Friday, March 24, 2017

The Cosmic Albatross

The final installment of the Invasion from Aldebaran series (so called not because it features an invasion, but because the trio of short stories first appeared in a magazine thus named) is a study in contrasts and a reminder that while Mankind might free itself from the chains of gravity, it cannot relieve the boundaries of human nature.


In a sense, Albatross is the grimmer of the three short stories because of the scope of the cosmic accident it deals with. There is something rather uncanny about three separate adventures all featuring the protagonist caught up in extreme dangers of space-fairing life. On the one hand it is not at all unexpected that sailing through the cosmos should evoke similar hardship as one expects from maritime adventures on the high seas. On the other hand, our pride tends to rebel against Lem's suggestion that we would be just as endangered "up there" as we were on the seas.

What bothers us most about this trilogy is that it suggests a proportional excess of mishaps and accidents in space await us when we reach the star. True, relatively large amounts of time elapse between the accidents, but one wonders whether airline pilots experience catastrophic emergencies every two to four years? Naturally it could just be that Pirx is unlucky, but by the time we read Albatross, where there is no rescue (either by brain or by brawn), no scientific puzzle to unravel, we are left with the impression that Lem's point in these stories was to depress our enthusiasm for space travel as an idealistic liberation from the misfortunes of Earth life.

It is perhaps a matter of my own personal temperament, which commands a type of stoic apathy towards suffering and death that my mind focused more on the first part of the story, with its' suggestive descriptions of deep space luxury travel, manners and femininity than on the second part of the story which introduced all of the tensions associated with an SOS. Nevertheless, I have no doubt that Lem is making it clear to us that whatever else awaits Pirx - it is not without danger.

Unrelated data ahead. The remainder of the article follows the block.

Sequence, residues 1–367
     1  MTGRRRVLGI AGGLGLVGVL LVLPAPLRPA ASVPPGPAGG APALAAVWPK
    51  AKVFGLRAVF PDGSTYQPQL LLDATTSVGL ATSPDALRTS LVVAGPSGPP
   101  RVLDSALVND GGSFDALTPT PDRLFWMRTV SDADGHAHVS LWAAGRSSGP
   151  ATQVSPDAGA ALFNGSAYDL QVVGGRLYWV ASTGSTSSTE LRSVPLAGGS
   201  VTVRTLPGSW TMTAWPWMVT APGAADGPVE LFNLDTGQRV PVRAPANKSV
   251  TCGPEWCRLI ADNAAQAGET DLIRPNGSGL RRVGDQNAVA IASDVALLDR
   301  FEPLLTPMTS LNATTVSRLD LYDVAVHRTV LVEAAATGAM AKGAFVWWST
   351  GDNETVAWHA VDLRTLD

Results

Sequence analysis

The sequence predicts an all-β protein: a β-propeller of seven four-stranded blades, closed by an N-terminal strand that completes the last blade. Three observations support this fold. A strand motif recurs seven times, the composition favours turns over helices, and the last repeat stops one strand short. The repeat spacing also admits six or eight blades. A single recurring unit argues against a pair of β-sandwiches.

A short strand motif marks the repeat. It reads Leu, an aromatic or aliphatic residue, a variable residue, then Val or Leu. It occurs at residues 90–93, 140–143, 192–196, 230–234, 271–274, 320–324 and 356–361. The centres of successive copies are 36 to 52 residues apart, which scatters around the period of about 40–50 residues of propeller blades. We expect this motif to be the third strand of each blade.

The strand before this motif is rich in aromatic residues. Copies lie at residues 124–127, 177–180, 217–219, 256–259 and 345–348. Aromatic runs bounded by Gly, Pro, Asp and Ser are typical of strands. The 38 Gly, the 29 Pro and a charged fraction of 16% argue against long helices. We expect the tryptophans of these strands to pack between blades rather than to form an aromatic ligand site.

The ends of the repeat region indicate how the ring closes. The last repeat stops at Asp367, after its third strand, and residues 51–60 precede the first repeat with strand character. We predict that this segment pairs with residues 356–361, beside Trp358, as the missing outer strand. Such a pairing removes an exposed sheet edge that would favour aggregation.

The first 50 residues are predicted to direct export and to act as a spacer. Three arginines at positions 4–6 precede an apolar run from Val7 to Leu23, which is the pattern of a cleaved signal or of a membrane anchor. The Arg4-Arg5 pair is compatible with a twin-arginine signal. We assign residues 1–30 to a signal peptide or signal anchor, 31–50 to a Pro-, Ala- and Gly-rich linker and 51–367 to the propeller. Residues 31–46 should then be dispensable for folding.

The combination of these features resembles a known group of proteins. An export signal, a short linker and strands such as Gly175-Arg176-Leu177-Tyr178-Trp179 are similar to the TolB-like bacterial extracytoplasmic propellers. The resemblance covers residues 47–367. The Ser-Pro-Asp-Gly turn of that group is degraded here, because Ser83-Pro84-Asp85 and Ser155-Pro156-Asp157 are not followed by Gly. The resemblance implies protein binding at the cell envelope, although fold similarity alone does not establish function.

Yet human beings are not lemmings, nor insane. They would not continue venturing into space if it were this unsafe - would they? We cannot say that Lem's cosmos is a realm reserved to the warrior spirit, the type of man who would be insane enough to display courage under enemy fire. This is not the type of man who flies into the stars in Lem's stories. Besides the fact that Albatross features a titan class passenger ship where people are eager to dance rather than dive into the dangers of a rescue mission, Pirx himself is not a warrior spirit. For all of the talk of his brawn, he is above all a good pilot; a capable combination of technical aptitude and practical ability. He is a dreamer, not a warrior.

I cannot but recall to mind the words of the wife of Commander Dick Scobee of the space shuttle Challenger, who noted in a documentary that her husband confided in her that despite all of humanity's technical advances - space is dangerous. Commander Scobee flew although he knew the danger. It was not simply a sense of duty, but the human eagerness to rise above ourselves, that apparently drove him and others. I suppose Lem's humans are not much different to Scobee - they know the dangers, but they go anyways. They conquer some dangers; but cannot conquer them all.

Finally, I wonder to what extent the Albatross does not refer to the albatross of the Rhyme of the Ancient mariner. The poem is by now such a common-place associate of the word that it is hardly possible to call anything, let alone a space-faring vessel, an albatross, without raising interest in the term. Yet insofar as the poetic albatross refers to guilt, Lem's simply refers to cataclysm. 

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